I have gone back and forth on writing this blog entry for a week now, but I've decided to go ahead and write about my experience on the way home from Florida. All I ask is that you read this with an open mind. You are free to believe me or not. Please keep in mind, however, that this is a really sensitive topic for me and my family, so please no rude comments. If you think I'm crazy, that's fine. In some ways I am. :)
The morning we left Florida did not go according to plan. We didn't make it out the door until 10:30, due to a lot of last minute packing etc. I truly felt on edge, in part, because on the way home we were stopping at the cemetery in which my grandparents ashes were interred. Their headstone had been placed just a few days prior, and I wanted to take pictures to show my mom and dad. I also wanted Nora to understand where Grandma and Grandpa's bodies gone.
Prior to shutting the back gate to the van, I snapped a picture of all the stuff in the back. I put the lens on the camera, and popped it in my purse. We then made the treck to Sarasota National Cemetery. I parked the van and Nora and I searched for my Grandpa's grave. It was easy to find; the back row. They were among the most recent of the dead. The emotions I'd been feeling all week welled up and then out, and I started to cry. Nora stood next to me and said it was ok. I pulled myself together, for her sake, and told her that it was her job to put the flowers she picked out in the ground. It was a present from us to them. As she placed the flowers, I began to snap a few pictures. I was having a hard time with the viewfinder, it didn't seem to be working with the shine of the sun. The same thing had happened at the beach. I did my best to aim, looking at the viewfinder and the grave. All seemed normal. I was upset, however, because I only saw my Grandfather's stone. I wondered aloud where they had placed my Grandmother.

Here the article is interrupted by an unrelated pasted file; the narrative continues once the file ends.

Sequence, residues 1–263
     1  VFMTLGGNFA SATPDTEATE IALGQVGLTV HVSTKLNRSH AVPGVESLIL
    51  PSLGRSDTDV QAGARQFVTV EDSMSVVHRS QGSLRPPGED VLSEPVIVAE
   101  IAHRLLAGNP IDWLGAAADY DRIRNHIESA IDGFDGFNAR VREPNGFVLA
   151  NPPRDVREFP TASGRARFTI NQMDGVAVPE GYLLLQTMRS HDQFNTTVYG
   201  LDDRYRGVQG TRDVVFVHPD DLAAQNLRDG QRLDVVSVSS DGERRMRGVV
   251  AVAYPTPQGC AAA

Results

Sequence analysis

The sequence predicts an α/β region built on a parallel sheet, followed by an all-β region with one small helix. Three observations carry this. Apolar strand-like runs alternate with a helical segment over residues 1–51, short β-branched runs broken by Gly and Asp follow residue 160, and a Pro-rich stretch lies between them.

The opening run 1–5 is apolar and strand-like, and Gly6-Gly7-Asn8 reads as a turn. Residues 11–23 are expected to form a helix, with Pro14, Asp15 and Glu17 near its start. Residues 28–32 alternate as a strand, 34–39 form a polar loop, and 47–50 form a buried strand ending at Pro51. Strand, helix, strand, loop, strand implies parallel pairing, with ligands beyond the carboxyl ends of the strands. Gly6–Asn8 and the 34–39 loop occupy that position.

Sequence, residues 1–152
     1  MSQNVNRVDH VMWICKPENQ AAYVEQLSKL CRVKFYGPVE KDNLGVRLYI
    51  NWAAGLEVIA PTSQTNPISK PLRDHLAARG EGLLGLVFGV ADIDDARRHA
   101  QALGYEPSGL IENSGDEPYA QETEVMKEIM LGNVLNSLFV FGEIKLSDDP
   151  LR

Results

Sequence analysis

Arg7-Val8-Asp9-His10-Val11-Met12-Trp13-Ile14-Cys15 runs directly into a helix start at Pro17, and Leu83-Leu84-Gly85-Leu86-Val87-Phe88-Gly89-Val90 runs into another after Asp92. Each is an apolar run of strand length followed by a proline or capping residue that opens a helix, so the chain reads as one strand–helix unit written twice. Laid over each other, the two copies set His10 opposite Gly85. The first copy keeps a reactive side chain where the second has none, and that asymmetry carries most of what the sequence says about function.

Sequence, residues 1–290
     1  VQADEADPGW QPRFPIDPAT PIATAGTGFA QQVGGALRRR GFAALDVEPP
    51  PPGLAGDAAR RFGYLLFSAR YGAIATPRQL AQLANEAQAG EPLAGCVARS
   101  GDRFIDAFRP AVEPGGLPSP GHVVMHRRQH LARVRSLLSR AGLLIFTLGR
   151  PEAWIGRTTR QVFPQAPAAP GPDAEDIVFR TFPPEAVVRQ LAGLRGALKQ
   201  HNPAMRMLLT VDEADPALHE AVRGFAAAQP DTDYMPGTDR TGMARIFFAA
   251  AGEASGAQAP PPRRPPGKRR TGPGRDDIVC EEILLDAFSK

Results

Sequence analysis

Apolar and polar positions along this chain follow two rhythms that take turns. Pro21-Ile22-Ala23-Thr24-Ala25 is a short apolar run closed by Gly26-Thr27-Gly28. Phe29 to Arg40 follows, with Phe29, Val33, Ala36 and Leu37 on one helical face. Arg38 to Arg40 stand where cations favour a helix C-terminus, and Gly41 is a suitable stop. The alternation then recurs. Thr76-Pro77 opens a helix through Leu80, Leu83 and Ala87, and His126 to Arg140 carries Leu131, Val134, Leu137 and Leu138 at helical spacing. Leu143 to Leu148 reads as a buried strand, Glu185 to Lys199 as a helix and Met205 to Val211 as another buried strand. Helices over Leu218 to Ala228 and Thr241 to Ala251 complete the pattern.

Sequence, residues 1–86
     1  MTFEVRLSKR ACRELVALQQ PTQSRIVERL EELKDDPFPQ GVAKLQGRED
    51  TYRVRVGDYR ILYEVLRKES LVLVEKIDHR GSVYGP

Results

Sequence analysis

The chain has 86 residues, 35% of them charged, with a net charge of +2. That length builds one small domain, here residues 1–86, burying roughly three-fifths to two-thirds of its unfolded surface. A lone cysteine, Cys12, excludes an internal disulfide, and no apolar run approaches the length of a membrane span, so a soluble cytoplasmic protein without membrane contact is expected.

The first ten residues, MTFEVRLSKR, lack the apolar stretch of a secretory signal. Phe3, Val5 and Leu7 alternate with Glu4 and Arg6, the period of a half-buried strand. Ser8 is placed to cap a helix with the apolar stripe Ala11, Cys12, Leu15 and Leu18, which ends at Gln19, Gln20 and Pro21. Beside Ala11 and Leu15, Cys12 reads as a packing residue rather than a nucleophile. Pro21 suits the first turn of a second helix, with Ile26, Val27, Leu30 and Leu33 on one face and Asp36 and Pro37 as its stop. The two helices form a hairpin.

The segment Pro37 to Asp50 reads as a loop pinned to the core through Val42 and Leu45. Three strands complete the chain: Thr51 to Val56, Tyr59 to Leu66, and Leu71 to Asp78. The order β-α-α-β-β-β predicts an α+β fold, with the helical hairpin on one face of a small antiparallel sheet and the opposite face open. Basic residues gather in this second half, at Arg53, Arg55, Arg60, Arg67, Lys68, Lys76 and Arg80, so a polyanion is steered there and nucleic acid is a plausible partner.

I brought Nora back to the van so I could have a few minutes alone. A worker approached me and apologized for eavesdropping, but he said my Grandmother's information was on the backside of the same stone. I went to the other side and there it was. I cried, and cried, and cried. After I was done with my goodbye, I took a few more pictures to show my mom. I was still having trouble with the viewfinder, so I made sure to get another shot of the front of the tombstone as well, just to be on the safe side.
I went to back to the van, so my Grandma Esther could pay her respects. And then, long story short, I drove like a bat out of hell to Byron, GA. I just wanted to get home.
I never checked the pictures until I got back to IL, several days later. And I couldn't believe what I saw. At first I thought I screwed up the pictures. But then I looked closer. The picture I took when we left, the one of the van, was fine. The second set of pictures from the grave site was also fine. The first set of pictures I took with Nora had something in them that I did not see with my eyes when I stood there in Florida. There are white shadows, or mists, or clouds of sorts. I looked, and continue to look, at those pictures. Those figures are not smudges, they are not humidity, they are not accidents of the camera. I am convinced, CONVINCED, that those pictures show my grandparents. I believe they were there to say their goodbyes as well.
I have always believed in life after death. I have always believed we are not our bodies. I now believe I have pictures that seemingly prove this point. You look, you see, you judge. Of course you can believe what you will. But I will treasure these photos as a testament that not only are my grandparents actually ok, but that they love Nora and I enough to come back from the otherside for a moment to say goodbye to us as well.